Academics attached to big-name business schools, NYU Stern, INSEAD and Oxford Saïd, have had a hand in creating a new online MBA program designed for those who feel priced out of business education and which comes with an ‘all-in’ price tag of just US$2,450.
The program, offered by the US-based University of the People (UoPeople), will have no tuition costs and rests on open access in the same way as MOOCs. Instead, it will ask US$200 of its participants for end-of-course assessments for each one of the program’s 12 components as well as a US$50 application fee. While pursuing enough MOOCs to package them together into a complete MBA degree is something that’s already been tried both by an individual and (in the Spanish language) by Peru’s CENTRUM Católica, UoPeople is heralding this online MBA as the world’s most cost-effective.
NYU Stern professor to head up new program
The program is to be headed up by a marketing professor at NYU Stern, Russell Winer, who knows a thing or two about consumer choice and can be found commenting on Taco Bell’s branding tactics in a recent Washington Post report.
UoPeople, meanwhile, is a nonprofit university founded in 2009 on the principle of providing accredited education for those without the financial resources to meet higher education’s ever-increasing tuition costs. As such, it relies on open-source technology, Open Educational Resources (OER) and, crucially, the voluntary contributions of academics attached to established universities and business schools.
Its new program has already received help from faculty attached to some notable names in the world of business education, with NYU Stern’s Winer noting, in a press release, his excitement in a program that simply wouldn’t have been possible but for the contribution of “esteemed volunteers.”
Those volunteers include the former dean of INSEAD, Gabriel Hawawini, the former director of the Oxford Saïd MBA, Stephan Chambers, and another NYU Stern professor, Alex Tuzhilin, who developed and teaches an MBA course at NYU on emerging technologies and business innovation.
The online MBA joins UoPeople’s existing portfolio of associate and bachelor’s programs in business administration and computer science on which there are said to be over 3,000 students from 180 different countries currently enrolled, with support provided by as many 4,000 volunteers.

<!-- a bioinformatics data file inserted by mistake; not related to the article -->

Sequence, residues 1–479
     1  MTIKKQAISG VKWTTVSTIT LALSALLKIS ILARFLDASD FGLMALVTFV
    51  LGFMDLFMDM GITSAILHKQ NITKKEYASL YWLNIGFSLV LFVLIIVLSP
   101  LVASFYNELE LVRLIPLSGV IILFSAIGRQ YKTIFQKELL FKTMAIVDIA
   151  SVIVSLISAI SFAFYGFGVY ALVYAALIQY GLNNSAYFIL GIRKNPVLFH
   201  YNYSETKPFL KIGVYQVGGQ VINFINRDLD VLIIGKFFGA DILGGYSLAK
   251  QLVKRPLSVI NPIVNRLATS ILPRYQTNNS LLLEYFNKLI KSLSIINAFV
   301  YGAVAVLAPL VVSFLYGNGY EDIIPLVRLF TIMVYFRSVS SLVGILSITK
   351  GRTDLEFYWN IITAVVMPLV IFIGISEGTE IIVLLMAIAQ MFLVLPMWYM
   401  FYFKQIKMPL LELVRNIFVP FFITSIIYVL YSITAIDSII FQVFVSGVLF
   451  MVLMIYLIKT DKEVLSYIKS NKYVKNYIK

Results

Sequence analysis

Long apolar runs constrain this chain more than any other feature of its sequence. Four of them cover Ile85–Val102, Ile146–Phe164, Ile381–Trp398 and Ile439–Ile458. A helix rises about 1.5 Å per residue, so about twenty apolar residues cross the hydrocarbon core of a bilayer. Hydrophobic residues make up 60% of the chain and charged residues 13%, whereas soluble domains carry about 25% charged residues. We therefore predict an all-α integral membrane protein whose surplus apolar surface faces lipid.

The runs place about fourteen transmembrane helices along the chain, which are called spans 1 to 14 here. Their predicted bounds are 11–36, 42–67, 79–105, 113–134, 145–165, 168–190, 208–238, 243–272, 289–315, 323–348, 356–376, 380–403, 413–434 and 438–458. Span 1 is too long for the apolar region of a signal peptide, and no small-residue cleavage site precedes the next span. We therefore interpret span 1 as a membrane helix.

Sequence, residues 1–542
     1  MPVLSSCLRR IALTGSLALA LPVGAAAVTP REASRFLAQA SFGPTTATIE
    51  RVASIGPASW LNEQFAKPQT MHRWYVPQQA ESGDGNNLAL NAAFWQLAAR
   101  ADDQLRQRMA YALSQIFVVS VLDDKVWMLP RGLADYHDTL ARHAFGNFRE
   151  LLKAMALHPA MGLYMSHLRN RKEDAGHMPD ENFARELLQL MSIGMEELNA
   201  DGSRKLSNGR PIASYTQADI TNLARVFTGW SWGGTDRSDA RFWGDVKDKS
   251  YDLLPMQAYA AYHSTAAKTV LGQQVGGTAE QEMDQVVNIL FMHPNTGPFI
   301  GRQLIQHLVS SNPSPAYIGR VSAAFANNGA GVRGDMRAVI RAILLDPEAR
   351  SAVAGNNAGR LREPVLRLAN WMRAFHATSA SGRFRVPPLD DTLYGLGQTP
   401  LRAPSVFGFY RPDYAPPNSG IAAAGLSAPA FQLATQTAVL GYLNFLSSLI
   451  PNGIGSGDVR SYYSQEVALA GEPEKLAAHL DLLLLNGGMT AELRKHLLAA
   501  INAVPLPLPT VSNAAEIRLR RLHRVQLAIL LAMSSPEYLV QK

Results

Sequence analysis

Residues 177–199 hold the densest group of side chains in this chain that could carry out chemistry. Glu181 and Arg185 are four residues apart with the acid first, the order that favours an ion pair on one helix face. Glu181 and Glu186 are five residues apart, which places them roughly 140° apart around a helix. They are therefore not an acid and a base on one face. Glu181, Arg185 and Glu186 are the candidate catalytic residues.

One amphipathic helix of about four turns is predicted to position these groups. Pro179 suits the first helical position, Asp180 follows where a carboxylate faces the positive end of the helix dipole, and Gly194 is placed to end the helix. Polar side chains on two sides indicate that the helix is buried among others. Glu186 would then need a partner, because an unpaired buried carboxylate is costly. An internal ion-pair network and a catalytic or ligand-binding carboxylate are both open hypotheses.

“UoPeople was set up to open the gates to higher education and to give an opportunity to those who don’t have it. Launching the world’s most cost-effective MBA was a natural progression for the university,” said the institution’s founder and president, Shai Reshef, adding that the decision was based on demand among those who, while qualified to undertake an MBA, cannot afford it.
Prior to founding UoPeople, Reshef chaired an online education provider in Europe, the Amsterdam-based K.I.T. eLearning which was subsequently acquired by Laureate Education, a group that had been in talks to partner with Thunderbird School of Global Management before Thunderbird’s takeover by Arizona State University.
UoPeople program is about access rather than comparison to world’s best
Much of UoPeople’s announcement centers on its acquisition of accreditation from a national body in the US that has been in existence since 1926, the Distance Education and Accreditation Commission (DEAC). However, this is not an accreditation body that specializes solely in business education and DEAC currently accredits a wide variety of education providers from US high schools to an institute which offers professional training in hypnosis and hypnotherapy. (QS’s online MBA rankings look for accreditation from AACSB, AMBA, EQUIS and EPAS, incidentally.)
Even so, with costs set to a minimum – the average cost of the 30 online MBA programs in QS’s 2016 rankings is US$41,000, about 16 times higher than UoPeople’s offering – the course is likely to be an attractive consideration for many. While these are perhaps unfair comparisons to make, given UoPeople’s stated aim of targeting those who are priced out of any fee-paying format of the degree, the program does come with admissions criteria – applicants must have a prior undergraduate degree and possess at least two years’ prior work experience. They’ll also have to take up to eight foundation courses if their academic backgrounds don’t cover the basics deemed essential for the online MBA.
If taken full time, students can complete the program in as little as 15 months or, when taken part time, over as much as five years. Its 12 required components break down into eight core courses, three electives (from a list of four currently advertised) and one capstone project which culminates in a live video presentation on a business case study. The first students admitted can start in the fall, when their number will be limited to 100, although there are plans to enroll more in the future.